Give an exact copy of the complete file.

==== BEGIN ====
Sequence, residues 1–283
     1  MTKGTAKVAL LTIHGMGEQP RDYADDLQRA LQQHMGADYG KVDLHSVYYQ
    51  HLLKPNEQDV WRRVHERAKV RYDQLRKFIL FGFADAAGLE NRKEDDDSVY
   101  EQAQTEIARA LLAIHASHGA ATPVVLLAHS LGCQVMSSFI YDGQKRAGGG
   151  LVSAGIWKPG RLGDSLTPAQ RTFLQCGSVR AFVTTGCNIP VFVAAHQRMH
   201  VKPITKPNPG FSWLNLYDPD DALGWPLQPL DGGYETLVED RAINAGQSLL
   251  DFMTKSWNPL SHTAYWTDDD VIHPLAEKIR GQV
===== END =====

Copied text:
Sequence, residues 1–283
     1  MTKGTAKVAL LTIHGMGEQP RDYADDLQRA LQQHMGADYG KVDLHSVYYQ
    51  HLLKPNEQDV WRRVHERAKV RYDQLRKFIL FGFADAAGLE NRKEDDDSVY
   101  EQAQTEIARA LLAIHASHGA ATPVVLLAHS LGCQVMSSFI YDGQKRAGGG
   151  LVSAGIWKPG RLGDSLTPAQ RTFLQCGSVR AFVTTGCNIP VFVAAHQRMH
   201  VKPITKPNPG FSWLNLYDPD DALGWPLQPL DGGYETLVED RAINAGQSLL
   251  DFMTKSWNPL SHTAYWTDDD VIHPLAEKIR GQV